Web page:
These are the characteristics of desirable TD results inspired by this vision for transformational training:

  • A deep shift in how people interpret their world, especially regarding how they relate to each other, their environment, and God.
  • Emergence of hope from despair.
  • Emergence from powerlessness of the poor to equitable inclusive power sharing.

TD is development that goes beyond improvement of well-being to redemptive social justice and restoration of individuals as children of God.

Note April 2017. T4 Global Ministries has changed its name to Spoken Worldwide, www.spoken.org. The description of transformational training stated above is no longer on the website; but the organization clearly is committed to holistic ministry.

Evaluation Model for TE

I have developed a general framework for comparing different approaches to evaluation. The framework is based on seven aspects of an evaluation exercise.  

Note February 2017. Click this link to see the framework; continue reading for an application of the framework to TE. Evaluation Model as a Concept

In this paper I describe those seven aspects of a particular approach to evaluating a transformational community development program that I call transformative evaluation (TE). I also contrast the TE description with the analogous aspects found in some other approaches to evaluation. There may be common features between approaches but I emphasize those features that set TE apart from other approaches.

 My model for TE is not carved in stone. Each time I prepare it the result can differ in some aspects from previous presentations. But the seven elements of the framework remain constant. In April 2015 my summary of the model is:

 Transformative evaluation examines transformational community development programs. The primary focus for TE is to facilitate deeper understanding of what really matters in community development, with emphasis on development programs as a vehicle for facilitating individual and social transformation from within a Christian worldview. Primary stakeholders, including representatives of faith groups in the community, participate with the evaluator in making major decisions throughout the exercise. The evaluation design and implementation are consistent with a constructivist paradigm for inquiry along with principles for thinking and acting holistically.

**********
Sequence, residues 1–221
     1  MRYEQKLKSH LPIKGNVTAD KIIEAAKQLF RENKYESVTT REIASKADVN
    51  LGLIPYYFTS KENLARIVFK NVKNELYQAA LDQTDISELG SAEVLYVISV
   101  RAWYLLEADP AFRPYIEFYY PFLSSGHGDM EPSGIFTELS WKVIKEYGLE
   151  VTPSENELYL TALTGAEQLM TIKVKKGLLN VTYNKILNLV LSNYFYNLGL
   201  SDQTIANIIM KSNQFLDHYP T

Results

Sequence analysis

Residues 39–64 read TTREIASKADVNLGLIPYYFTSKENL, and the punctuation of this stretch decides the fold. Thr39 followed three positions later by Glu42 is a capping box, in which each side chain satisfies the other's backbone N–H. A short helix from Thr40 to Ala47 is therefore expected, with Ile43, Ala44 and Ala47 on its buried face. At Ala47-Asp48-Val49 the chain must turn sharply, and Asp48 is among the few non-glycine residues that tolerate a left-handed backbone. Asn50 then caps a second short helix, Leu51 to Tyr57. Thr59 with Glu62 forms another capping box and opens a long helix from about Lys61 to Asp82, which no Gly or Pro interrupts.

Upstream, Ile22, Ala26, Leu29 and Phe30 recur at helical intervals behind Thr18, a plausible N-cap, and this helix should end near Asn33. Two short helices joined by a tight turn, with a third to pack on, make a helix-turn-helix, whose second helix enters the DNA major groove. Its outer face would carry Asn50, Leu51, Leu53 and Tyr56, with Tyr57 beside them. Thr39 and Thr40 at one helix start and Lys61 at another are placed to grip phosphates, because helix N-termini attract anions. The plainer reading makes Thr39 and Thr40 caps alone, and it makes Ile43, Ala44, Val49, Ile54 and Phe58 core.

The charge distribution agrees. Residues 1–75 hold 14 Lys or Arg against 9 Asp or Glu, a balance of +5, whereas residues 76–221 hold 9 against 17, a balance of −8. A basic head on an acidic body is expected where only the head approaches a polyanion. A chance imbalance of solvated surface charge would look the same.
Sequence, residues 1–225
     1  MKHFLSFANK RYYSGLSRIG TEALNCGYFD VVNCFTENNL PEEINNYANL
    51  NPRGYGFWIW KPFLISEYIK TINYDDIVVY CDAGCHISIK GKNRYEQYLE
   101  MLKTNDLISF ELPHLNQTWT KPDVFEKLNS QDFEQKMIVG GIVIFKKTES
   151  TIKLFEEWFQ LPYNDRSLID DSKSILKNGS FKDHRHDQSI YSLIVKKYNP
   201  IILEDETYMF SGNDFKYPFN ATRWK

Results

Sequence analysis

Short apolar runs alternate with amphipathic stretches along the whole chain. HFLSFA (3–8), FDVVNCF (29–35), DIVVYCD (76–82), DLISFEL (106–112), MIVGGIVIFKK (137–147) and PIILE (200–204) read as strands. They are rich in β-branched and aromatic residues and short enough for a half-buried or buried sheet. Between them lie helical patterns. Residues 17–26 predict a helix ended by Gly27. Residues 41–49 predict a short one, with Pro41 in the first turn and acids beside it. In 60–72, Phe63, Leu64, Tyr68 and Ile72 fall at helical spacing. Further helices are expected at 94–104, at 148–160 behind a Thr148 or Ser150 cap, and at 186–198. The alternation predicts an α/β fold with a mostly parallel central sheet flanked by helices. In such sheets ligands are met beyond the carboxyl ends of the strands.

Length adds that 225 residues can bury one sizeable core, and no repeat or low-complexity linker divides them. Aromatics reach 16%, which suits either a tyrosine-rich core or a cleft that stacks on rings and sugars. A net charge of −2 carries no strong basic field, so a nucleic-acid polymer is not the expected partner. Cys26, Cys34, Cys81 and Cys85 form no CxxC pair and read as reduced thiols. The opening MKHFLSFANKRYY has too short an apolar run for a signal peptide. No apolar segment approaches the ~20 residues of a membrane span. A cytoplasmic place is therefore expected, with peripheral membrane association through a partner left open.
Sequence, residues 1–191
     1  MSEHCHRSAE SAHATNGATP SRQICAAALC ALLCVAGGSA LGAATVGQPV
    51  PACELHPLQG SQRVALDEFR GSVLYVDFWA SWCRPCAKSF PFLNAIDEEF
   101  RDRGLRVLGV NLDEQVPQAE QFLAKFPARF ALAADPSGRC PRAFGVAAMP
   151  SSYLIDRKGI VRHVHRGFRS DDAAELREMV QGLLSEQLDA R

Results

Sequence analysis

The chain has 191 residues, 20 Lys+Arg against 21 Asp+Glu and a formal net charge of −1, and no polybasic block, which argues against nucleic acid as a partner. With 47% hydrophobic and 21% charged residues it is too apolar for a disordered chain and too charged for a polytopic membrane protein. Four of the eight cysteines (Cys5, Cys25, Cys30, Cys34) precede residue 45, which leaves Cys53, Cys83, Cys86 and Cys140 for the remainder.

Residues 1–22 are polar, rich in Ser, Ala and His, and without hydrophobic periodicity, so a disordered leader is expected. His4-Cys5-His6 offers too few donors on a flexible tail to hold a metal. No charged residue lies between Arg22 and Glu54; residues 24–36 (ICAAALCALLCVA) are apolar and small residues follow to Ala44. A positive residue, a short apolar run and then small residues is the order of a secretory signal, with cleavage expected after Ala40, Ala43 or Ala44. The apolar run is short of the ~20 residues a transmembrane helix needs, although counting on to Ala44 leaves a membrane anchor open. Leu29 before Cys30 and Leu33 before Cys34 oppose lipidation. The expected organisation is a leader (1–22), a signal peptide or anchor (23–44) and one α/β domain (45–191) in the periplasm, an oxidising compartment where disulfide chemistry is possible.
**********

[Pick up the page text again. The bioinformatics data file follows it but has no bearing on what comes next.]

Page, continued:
This file describes the TE model in detail.  LINK: 78Evaluation Model for TE for evalFrank2

This file is cited in the detailed file for the model. LINK: http://evalfrank.com/2014/11/frame-for-thinking-about-te/

Christian First Practitioner Second (2)

I had the privilege of talking about being Christian first and science practitioner second at the winter conference of the Southern California chapter of the American Scientific Affiliation on February 7 2015.

Here are the links to the materials that I prepared for the presentation.

Presentation Paper → Christian First Practitioner Second

Presentation Slides → Christian First Practitioner Second slides

List of worldview books and internet sites → worldview reading

Comments welcome!

Role of Worldview in Evaluation Work

Clarifying one’s worldview is essential for the transformative evaluator who believes in being Christian first and evaluator second. The attached file emerged as I clarified my worldview. Currently I am reading several texts that may lead to further clarification, perhaps revision. I encourage you to spend a significant amount of time doing something similar.

The focus of the document is an examination of major scientific concepts related to evaluation work from a Christian perspective. I welcome suggestions and challenges.

Click LINK Worldview in Evaluation

Click category Worldview at the right for other worldview posts.

 

Worldview indicators

The more reading I do about worldview, the more convinced I am that it is the most important knowledge to guide a Christian program evaluator.

Steve Wilkens and Mark L. Sanford, Hidden Worldviews, IVP Academic, 2009, describe a lived worldview as a group of answers to ultimate questions about reality (p. 209).

  • What is the nature of being? As a human being what is my purpose?
  • What is the nature of knowledge? How do we know anything? What is true knowledge?
  • What values are primary? How do values guide my everyday living? What is good; what is evil?

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Christian first, evaluator second

“The great need for the Christian worker is to be ready to face Jesus Christ at any and every turn.” (Oswald Chambers, My Utmost for His Highest, March 29, page 89.)

 It occurs to me that as a Christian evaluator my relationship with Jesus has no time-out periods.  I need to be just as ready to face him while I am in the field collecting data as I am in the sanctuary.

Many years ago I was on my way in a village to do interviews when a woman interrupted me to ask for prayer. I gently but firmly said that I could not take time to pray with her at the moment. She turned away and I continued on my way. Months later, during a worship service with hundreds of people, a member of the evaluation team described what I had done, and pointed to me while he said that I honored my profession more than my relationship with Christ.

That was when I realized that I was called to be Christian first and evaluator second. Meditate on Luke 12:35-48 (“Be ready for service and have your lamps lit….”) with an open mind and willing heart.